Lee Roy Beach

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Lee Roy Beach (born 1936) is an American psychologist and Emeritus Professor of Management at the Eller College of Business, University of Arizona, known for his work in on the theory of the mind, the theory of narrative thought, and image theory.


  • Images are defined to be information structures, with different kind of images representing different kind of information about what the actor is doing, why and how, and what kind of progress is being made.
    • Terence R. Mitchell and Lee Roy Beach in: Universidade da Coruña (1990), Organizational behavior and human decision processes. p. 7
  • To begin, image theory assumes that decision makers use three different schematic knowledge structures to organize their thinking about decisions. These structures are called images, in deference to Miller, Galanter, and Pribram (1960), whose work inspired image theory. The first of the three is the value image, the constituents of which are the decision maker's principles. These are the imperatives for his or her behavior or the behavior of the organization of which he or she is a member and serve as rigid criteria for the rightness or wrongness of any particular decision about a goal or plan. Principles serve to internally generate candidate goals and plans for possible adoption, and they guide decisions about externally generated candidate goals and plans.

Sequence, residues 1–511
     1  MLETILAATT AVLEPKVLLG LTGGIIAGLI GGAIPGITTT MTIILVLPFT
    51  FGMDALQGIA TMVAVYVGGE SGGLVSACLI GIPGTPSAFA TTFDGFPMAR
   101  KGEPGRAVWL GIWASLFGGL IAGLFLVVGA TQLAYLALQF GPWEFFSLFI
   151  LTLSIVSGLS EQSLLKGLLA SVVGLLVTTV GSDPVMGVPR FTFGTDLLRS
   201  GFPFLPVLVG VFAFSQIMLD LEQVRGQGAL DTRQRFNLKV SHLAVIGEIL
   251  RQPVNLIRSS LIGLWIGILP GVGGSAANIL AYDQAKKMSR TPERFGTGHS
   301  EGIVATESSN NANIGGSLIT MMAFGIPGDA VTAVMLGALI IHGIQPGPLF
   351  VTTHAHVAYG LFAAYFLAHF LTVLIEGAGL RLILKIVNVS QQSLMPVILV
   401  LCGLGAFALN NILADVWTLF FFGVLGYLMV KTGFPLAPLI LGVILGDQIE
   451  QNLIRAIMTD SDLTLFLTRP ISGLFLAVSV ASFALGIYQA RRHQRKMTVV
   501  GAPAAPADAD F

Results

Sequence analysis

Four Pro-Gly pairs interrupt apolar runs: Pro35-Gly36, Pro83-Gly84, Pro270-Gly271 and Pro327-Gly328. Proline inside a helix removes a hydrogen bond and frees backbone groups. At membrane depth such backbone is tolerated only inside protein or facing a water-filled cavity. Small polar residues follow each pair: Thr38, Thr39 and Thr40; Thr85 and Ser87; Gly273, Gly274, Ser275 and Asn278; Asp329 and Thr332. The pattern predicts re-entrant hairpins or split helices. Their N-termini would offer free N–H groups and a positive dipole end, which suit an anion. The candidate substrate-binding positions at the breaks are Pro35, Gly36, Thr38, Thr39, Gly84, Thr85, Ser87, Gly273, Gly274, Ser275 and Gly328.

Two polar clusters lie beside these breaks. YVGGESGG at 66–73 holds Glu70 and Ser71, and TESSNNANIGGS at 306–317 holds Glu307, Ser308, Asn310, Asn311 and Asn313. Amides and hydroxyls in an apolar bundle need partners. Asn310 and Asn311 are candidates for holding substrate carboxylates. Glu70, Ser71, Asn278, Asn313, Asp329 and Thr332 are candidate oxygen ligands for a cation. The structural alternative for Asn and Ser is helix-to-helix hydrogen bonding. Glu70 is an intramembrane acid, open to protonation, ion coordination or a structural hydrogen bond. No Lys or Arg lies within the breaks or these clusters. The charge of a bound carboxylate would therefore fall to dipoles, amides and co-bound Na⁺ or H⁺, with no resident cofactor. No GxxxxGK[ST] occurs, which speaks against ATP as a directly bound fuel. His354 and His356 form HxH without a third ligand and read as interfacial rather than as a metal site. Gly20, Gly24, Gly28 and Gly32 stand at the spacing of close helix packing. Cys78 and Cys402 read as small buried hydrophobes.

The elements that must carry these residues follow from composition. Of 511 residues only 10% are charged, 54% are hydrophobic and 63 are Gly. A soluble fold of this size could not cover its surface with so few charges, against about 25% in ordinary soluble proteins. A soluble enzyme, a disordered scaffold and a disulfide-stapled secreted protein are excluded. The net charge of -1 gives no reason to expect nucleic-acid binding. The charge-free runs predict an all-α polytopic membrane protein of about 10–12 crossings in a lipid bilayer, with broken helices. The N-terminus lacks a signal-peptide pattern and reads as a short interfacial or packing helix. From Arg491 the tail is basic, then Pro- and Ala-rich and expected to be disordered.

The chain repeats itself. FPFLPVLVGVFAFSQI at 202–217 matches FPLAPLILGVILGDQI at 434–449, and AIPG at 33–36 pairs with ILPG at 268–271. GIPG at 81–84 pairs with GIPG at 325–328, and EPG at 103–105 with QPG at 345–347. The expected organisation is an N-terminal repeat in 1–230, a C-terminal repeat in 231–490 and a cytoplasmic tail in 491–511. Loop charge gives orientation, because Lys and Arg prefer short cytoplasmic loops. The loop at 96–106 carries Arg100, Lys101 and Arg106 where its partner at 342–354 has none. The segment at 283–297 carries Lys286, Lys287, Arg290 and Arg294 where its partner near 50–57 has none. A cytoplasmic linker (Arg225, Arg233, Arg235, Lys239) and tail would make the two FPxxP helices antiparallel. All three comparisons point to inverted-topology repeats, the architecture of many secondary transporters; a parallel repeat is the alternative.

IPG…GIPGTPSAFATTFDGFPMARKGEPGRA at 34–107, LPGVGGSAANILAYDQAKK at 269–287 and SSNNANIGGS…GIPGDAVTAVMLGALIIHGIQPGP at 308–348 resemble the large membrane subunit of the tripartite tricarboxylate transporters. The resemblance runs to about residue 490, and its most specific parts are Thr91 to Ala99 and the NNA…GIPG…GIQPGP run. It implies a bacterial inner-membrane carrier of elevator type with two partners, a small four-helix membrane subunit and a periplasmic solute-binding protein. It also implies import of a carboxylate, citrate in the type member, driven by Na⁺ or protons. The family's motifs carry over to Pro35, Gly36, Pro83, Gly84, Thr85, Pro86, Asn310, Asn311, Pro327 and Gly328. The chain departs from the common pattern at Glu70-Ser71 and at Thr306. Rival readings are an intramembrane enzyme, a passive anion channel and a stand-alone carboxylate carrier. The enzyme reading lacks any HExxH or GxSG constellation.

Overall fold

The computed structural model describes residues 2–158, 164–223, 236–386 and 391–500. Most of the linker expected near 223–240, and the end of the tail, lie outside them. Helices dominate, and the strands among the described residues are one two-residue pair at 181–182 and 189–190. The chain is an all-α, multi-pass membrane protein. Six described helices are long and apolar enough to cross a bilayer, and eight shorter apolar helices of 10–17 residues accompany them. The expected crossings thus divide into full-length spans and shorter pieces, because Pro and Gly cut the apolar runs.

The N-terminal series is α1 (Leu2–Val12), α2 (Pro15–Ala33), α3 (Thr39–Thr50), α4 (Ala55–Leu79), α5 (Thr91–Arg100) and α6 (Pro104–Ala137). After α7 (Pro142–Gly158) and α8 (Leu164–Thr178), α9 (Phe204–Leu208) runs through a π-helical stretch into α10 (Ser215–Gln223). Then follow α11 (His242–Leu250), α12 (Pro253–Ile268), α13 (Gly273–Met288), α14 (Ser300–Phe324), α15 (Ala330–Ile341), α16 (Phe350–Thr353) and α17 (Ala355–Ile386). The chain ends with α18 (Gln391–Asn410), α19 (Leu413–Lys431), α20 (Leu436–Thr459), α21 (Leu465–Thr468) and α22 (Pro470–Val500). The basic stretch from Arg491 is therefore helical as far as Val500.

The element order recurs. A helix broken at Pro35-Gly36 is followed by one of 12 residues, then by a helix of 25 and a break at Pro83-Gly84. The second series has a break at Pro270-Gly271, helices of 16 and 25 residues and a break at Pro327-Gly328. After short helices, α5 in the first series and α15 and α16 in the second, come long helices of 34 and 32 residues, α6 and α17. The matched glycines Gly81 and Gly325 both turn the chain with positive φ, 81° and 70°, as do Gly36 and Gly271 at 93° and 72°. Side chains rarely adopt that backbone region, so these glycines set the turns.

The second image is the trajectory image, the constituents of which are previously adopted goals. This image represents what the decision maker hopes he, she or the organization will become and achieve. Goals can be concrete, specific events (getting the money to buy a new Honda Accord DX) or abstract states (achieving a successful career). The goal agendum is called the trajectory image to convey the idea of extension, the decision maker's vision of the ideal future.
The third image is the strategic image, the constituents of which are the various plans that have been adopted for achieving the goals on the trajectory image. Each plan is an abstract sequence of potential activities beginning with goal adoption and ending with goal attainment...
  • Lee Roy Beach. "Image theory: An alternative to normative decision theory." NA-Advances in Consumer Research Volume 20 (1993).

The Psychology of Decision Making: People in Organizations, 2005[edit]

Lee Roy Beach and Terry Connolly, The Psychology of Decision Making: People in Organizations. Thousand Oaks, CA: Sage Publications, 2005.

  • Paradigms are the most general-rather like a philosophical or ideological framework. Theories are more specific, based on the paradigm and designed to describe what happens in one of the many realms of events encompassed by the paradigm. Models are even more specific providing the mechanisms by which events occur in a particular part of the theory’s realm. Of all three, models are most affected by empirical data - models come and go, theories only give way when evidence is overwhelmingly against them and paradigms stay put until a radically better idea comes along.
    • p. 11